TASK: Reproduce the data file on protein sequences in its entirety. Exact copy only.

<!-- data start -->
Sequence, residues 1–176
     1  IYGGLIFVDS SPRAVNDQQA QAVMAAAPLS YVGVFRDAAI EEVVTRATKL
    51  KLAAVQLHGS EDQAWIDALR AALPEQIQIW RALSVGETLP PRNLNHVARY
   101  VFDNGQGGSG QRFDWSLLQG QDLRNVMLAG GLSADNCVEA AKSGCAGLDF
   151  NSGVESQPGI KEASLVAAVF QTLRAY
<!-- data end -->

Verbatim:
Sequence, residues 1–176
     1  IYGGLIFVDS SPRAVNDQQA QAVMAAAPLS YVGVFRDAAI EEVVTRATKL
    51  KLAAVQLHGS EDQAWIDALR AALPEQIQIW RALSVGETLP PRNLNHVARY
   101  VFDNGQGGSG QRFDWSLLQG QDLRNVMLAG GLSADNCVEA AKSGCAGLDF
   151  NSGVESQPGI KEASLVAAVF QTLRAY